The New York Times’ interpretation that it will take nearly a century for dramatic melting to start was obviously tainted. It is just driven by political Machiavellianism: let’s admit there is climate “change” just as there is sea level “change”, and misinform about the unfolding catastrophe (although Main Stream Media had to recently admit the snow pack in California last April was the lowest in at least 500 years). How do I know this? The scientific paper used computerized models of the huge ice sheets covering Antarctica and Greenland. It is the first paper to do so. Yet, according to the biased New York Times, it would have found exactly what the UN found, during this century… Although the UN did not incorporate the ice sheet melt models.

Once the ice sheet melting is incorporated, faster melting ought to have been predicted, for THIS century. However that grim prediction would have upset the powers that be. We don’t want that to happen. Now that they have the drone habit, killing throngs of people they know nothing about, who knows what’s coming next if one disparages them? Beheading and crucifixion at the most esteemed Saudi plutocracy?

For plutocrats, the Saudis are a model of Human Rights: thus they elected them to head the UN panel on Human Rights. And ice sheet melting is perfect: all great catastrophes call onto what Obama calls “leaders” (our masters). If a bit of engineered inflation could bring Hitler, imagine what an inflating ocean can bring! A great future for the few who rule us, tax free.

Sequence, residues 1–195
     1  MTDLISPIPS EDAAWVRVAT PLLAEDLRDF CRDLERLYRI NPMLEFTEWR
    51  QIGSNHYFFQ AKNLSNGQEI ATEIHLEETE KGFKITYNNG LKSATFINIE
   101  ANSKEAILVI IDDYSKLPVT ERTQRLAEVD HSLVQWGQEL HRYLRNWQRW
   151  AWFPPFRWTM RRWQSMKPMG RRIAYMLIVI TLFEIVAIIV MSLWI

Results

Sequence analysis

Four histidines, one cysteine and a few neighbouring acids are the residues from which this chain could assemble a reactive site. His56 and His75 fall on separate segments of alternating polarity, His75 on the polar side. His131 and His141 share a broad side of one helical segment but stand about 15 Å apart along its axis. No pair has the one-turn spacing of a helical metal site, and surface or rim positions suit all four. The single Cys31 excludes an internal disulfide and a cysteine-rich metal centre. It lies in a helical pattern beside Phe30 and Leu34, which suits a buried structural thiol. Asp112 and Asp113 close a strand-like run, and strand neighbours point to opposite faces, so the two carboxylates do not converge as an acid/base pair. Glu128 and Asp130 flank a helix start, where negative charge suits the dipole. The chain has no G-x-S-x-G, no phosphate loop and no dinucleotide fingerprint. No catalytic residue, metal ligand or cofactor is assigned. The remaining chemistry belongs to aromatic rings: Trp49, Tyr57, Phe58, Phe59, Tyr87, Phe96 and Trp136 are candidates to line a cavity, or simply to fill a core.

Patrice Ayme’

ooOOoo

Let me close with two pictures:

sea-ice
That is a very great deal of water locked up in that ice!

and this one that shows how at least one would have a wonderful view of the sea from your room at the Boston Harbour Hotel!

The dagger has fallen!
The dagger has fallen!

 Interesting times!

14 thoughts on “The most beautiful dagger of them all!

  1. Thanks Paul for re-posting my essay. Understanding is accelerating among scientists: another paper supporting the same conclusion was announced today. But scientific understanding is nothing if it is not shared by most people. So thanks again!

    1. Patrice, what your essay reinforced for me is how few years we have before the ice melt slips away from man’s control. As you say in your comment, the critical importance of people fully understanding what is at stake.

  2. Yes Paul floods like we have never seen, even the great Edgar Cayce fortold of devastating floods that would reshape coastlines, and parts of the USA would disappear .. among others, Poor UK stands little chance unless we are well above sea level ..
    Even in my native Derbyshire are fish fossils among the rocks in the limestone valleys.. 🙂 We were under the ocean once and no doubts will be again, such are the cycles of this Earth.. Man just happens to think himself invincible.. But Mother Nature will win every time. .. Life as we know it will not exist..

    Hope you had a wonderful weekend Paul, did you watch the eclipse? 🙂 it was spectacular here in the UK… at 3am.. 🙂
    Wishing you and Jean a beautiful week 🙂 Hugs Sue xx